Figure 1 – Modesty Blaise & Willie Garvin

Somewhere over five years ago, I wrote a column on England’s “Fabulous, Feminine Answer to James Bond,” namely the comic-strip heroine, Modesty Blaise. In that column (linked above), I gave short shrift to the comic strip version of our heroine, concentrating mainly on the written and filmic versions. I had actually come to the party late; back in 1965 or so I found the hardcover book (actually a book-club edition, I believe, though I don’t have that particular edition anymore) and was instantly enchanted by this particular character and her best friend and partner, Willie Garvin. In 1966, I saw that a movie had been made, and was really prepared to like it, but in my opinion (since confirmed by buying a copy on DVD) it was a disaster that made a mockery of what was by then a beloved book. But I was a bit of a snob, and waited for each book to be released. (Ha! I bet you thought this column was going to be about a naked heroine! Well, you’re sort of right….)

If you want to know more about Modesty (and to save me having to repeat everything I said in the above-mentioned column) you can click on that link; in it, I talk about how Peter O’Donnell, who had collaborated with Jim Holdaway on another strip, originated Modesty. Until I moved to Canada in 1985, I was only vaguely aware that my favourite female character (okay, there have been a few others, like James H. Schmitz’s Telzey Amberdon, but let’s hold that discussion for another day) was also in a comic strip (or “bande dessinée,” as the Francophones would have it). I had seen the original Modesty Blaise movie and, as I said before, considered it a travesty. Also in the ‘80s, I saw the pilot for what would have been a pretty bad TV show based on her and Willie. So all in all, I regarded her as a “book” character.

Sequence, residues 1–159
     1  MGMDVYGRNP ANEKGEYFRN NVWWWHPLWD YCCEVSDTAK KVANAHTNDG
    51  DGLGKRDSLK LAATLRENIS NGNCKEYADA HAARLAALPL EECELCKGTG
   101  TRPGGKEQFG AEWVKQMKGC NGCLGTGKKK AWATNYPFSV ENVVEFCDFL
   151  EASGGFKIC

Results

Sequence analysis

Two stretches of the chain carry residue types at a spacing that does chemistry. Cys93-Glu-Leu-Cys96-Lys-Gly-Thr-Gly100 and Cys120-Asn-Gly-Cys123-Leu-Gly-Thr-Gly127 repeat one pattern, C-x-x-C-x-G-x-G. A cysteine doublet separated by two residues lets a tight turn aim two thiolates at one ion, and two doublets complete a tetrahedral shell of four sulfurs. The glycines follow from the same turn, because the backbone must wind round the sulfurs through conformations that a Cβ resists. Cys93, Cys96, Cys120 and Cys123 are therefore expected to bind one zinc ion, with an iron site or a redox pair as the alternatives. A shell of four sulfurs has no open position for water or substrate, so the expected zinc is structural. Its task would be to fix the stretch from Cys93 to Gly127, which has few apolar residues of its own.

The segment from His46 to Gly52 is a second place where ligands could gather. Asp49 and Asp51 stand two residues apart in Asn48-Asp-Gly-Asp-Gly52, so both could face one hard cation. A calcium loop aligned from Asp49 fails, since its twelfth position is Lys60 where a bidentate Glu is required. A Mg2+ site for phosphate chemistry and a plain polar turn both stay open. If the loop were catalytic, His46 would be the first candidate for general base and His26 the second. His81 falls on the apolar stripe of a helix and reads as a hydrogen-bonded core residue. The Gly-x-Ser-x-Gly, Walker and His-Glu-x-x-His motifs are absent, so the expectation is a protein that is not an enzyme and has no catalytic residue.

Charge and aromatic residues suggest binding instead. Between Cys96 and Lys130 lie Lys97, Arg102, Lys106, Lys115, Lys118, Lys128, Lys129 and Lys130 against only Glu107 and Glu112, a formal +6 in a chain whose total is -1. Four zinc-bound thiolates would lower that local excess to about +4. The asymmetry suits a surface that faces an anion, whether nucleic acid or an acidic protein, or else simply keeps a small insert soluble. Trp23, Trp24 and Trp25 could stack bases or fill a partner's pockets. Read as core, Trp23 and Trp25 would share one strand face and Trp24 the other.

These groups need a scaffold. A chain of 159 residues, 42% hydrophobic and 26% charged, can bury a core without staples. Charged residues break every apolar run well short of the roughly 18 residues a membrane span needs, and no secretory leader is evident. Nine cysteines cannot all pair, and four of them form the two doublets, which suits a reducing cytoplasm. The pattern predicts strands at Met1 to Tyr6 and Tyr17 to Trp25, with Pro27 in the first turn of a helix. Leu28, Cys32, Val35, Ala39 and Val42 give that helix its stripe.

Figure 2 – Modesty Blaise Book 1